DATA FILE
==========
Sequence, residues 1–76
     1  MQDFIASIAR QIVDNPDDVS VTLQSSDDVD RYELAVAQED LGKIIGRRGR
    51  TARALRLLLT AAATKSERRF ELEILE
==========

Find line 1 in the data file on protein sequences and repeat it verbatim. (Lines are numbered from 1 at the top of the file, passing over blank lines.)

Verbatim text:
Sequence, residues 1–76